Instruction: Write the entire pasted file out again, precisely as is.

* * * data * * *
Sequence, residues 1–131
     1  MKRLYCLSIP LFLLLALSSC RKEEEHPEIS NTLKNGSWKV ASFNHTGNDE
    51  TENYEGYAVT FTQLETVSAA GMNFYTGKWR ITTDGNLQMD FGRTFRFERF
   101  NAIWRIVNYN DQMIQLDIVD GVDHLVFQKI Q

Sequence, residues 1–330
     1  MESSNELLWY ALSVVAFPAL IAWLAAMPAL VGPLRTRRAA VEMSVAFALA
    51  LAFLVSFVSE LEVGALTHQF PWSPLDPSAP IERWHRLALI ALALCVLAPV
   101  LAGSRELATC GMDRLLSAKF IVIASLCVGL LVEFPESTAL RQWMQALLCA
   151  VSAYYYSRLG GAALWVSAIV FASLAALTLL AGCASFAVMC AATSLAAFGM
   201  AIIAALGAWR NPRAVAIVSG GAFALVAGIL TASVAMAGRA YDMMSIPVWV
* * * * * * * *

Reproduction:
Sequence, residues 1–131
     1  MKRLYCLSIP LFLLLALSSC RKEEEHPEIS NTLKNGSWKV ASFNHTGNDE
    51  TENYEGYAVT FTQLETVSAA GMNFYTGKWR ITTDGNLQMD FGRTFRFERF
   101  NAIWRIVNYN DQMIQLDIVD GVDHLVFQKI Q

Sequence, residues 1–330
     1  MESSNELLWY ALSVVAFPAL IAWLAAMPAL VGPLRTRRAA VEMSVAFALA
    51  LAFLVSFVSE LEVGALTHQF PWSPLDPSAP IERWHRLALI ALALCVLAPV
   101  LAGSRELATC GMDRLLSAKF IVIASLCVGL LVEFPESTAL RQWMQALLCA
   151  VSAYYYSRLG GAALWVSAIV FASLAALTLL AGCASFAVMC AATSLAAFGM
   201  AIIAALGAWR NPRAVAIVSG GAFALVAGIL TASVAMAGRA YDMMSIPVWV